Can you look at your present client list and say with conviction that they are all loyal, tied fast to your agency and sure to stay with you far into the future? We’re betting you can’t. In today’s fickle business environment, no client is truly loyal to its agency or marketing partner. Agencies are too thick on the ground, and often do a poor job of defining their points of difference. That makes it easy for clients to think of agencies as all cut from the same cloth—a dime a dozen, in fact. Even those clients who may be loyal can’t be counted on; a change in management, a sudden shift in the marketplace, a sudden economic downturn, and that old reliable client could vanish faster than you can squeal “New Brooooom!”
The Next Best Account Strategy
Agencies need to have a new business process aimed at winning their “next best account ever.” At many smaller ad agencies and mar-comm firms, new business is something you pay attention to when you get a referral, or sadly, when you lose a big account and have to replace it. Replacing a big account after you lose it is a bad strategy because:
- Waiting until an account leaves means your income is cut until you can find a replacement… and that may mean lay-offs, financial problems, and more.
- You can’t leverage that big account to gain more new business; and losing the account may negatively affect your reputation, making it harder to win a comparable replacement account.
- If you’re desperate to replace lost business, you may end up taking on any business that comes your way, regardless of whether it may be profitable, beneficial to your reputation, or a client you can get passionate about.
In short, new business development is something you should be doing every day, regardless of whether you have “enough” business right now. A daily new business effort protects you from account losses; you always have more new business coming in the door, and no single account dominates your AGI. Further, you can selectively pursue qualified prospects—those accounts you really want to work with, that will bring higher profits, prestige or creative opportunity to the agency… no more “turkey” accounts taken just to pay the bills. The most successful agencies recognize this fact of business life, and have active new business processes to continually generate leads, meetings, proposal opportunities and, hopefully, account wins. New business should also be integrated into your longer-term agency business plan, so you pursue accounts that align with your values, build on your core competency and enhance your ceative reputation.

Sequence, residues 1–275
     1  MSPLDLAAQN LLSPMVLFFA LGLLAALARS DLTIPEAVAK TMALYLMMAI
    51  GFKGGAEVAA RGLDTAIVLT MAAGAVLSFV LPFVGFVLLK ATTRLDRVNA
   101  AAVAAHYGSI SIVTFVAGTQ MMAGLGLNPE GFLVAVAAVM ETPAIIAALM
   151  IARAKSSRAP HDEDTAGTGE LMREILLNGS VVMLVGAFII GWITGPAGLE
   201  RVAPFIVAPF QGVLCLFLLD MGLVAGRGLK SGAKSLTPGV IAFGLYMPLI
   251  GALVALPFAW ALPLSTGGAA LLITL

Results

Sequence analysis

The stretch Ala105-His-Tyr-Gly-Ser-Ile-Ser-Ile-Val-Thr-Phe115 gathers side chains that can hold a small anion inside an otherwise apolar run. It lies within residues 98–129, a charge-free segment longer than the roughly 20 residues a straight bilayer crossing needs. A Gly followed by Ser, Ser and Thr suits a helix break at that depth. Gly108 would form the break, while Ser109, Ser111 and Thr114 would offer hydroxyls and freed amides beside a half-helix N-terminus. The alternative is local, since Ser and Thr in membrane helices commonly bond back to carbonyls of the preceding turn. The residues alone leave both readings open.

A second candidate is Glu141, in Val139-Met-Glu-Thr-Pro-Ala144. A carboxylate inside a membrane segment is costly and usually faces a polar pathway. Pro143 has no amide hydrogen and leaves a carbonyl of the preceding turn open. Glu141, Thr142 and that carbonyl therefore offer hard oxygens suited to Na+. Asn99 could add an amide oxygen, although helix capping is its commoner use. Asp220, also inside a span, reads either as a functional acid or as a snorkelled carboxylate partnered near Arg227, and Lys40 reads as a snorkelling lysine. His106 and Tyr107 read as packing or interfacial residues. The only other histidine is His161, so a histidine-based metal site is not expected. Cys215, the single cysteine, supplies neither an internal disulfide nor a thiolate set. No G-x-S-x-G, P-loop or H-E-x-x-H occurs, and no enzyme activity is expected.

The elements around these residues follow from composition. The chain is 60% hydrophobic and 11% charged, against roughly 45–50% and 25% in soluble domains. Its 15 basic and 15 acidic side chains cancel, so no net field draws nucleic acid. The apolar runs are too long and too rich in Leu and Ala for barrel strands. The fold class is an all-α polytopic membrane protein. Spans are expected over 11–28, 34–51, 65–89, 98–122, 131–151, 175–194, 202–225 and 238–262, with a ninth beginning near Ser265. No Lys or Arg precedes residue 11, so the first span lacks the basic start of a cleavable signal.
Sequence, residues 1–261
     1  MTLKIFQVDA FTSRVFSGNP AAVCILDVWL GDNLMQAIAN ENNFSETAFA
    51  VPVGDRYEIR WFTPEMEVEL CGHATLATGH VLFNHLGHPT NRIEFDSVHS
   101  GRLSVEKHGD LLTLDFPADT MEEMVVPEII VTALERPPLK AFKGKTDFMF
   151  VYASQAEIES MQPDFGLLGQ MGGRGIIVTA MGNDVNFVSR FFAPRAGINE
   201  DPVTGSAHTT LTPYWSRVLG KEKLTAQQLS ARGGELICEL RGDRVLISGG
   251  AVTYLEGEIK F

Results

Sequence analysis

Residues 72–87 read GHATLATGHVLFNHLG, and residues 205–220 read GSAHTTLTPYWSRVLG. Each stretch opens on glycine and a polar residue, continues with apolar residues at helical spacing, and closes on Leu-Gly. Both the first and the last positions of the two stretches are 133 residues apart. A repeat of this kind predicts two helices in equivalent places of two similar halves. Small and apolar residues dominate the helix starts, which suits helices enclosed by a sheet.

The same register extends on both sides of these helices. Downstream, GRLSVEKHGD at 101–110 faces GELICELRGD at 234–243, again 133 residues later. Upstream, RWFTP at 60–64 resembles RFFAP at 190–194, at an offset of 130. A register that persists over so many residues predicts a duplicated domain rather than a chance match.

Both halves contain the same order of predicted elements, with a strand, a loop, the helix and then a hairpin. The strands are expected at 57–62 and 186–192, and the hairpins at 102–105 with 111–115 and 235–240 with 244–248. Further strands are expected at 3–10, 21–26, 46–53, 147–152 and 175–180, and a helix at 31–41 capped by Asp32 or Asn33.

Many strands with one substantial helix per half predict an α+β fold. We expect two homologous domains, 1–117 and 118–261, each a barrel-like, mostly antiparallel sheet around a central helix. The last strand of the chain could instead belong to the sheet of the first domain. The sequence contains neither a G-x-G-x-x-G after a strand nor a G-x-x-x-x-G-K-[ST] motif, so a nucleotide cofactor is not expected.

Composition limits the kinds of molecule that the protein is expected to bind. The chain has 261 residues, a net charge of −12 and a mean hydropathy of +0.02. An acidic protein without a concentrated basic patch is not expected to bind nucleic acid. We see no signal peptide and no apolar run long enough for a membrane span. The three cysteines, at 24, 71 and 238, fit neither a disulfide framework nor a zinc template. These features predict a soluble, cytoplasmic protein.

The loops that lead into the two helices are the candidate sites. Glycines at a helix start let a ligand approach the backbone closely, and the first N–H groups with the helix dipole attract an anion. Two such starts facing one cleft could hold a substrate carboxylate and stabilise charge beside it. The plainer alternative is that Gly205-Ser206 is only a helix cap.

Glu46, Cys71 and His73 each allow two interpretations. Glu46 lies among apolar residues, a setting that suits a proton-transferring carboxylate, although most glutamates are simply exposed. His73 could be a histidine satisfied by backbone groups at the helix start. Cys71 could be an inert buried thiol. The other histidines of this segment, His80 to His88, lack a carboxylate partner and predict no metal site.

Regular pursuit of new business is generally not a daily activity at small to mid-size agencies. Lean staffing means they may lack the people needed to spend time developing and nurturing prospects; and the duty of new business hunting often falls to the already very busy agency principal, who in most smaller agencies is also an account manager, creative director, or CFO. That is why the best small agency new business programs we have seen involve the entire agency, not just a designated new business developer or top management.
The Whole Agency New Business Approach
In a new-business-all-the-time agency, new business development is spread across all departments, and multiple people share new biz responsibilities. This means no single person has to deal with the often-repetitive chores of managing lists, doing mailings, calling, scheduling, researching or pitching. The other benefit of this “everyone-pitch-in” process is that all agency employees are vested in the idea of continually seeking better, bigger, more creative clients. It becomes the “juice” your agency lives for, part of your core culture. Improve the agency or bust!
Select some enthusiastic employees for your new business team. This team, led by an agency manager or principal, meets regularly (at least bi-weekly) to discuss recent activity, action items for “hot” targets, who to focus on next, etc. This way, new business is factored into the daily schedule, leadership stays in the loop and directs the effort, and the workload is spread out so it is not a burden on any one individual.
To keep your pursuit team “fresh,” rotate people in and out of the new business team. Also, even when they’re not “on” the team, other agency employees can submit leads, advise on cool prospects to add to your “A” list, assist with new business tasks, design and produce custom mailers, network for leads and generally be a part of the whole agency new biz process. In this type of new business team, the more people, the merrier.
If you don’t have at least two or three new business projects in progress in the agency every week, you are not being proactive about gaining new clients. Think hard about incorporating the entire agency into the new business hunt. Don’t wait for your biggest account to announce their departure. Behave as if every account you have could leave on short notice. Make the most of them while you have them, service the heck out of them… but get busy pursuing your “next best account ever,” just in case.
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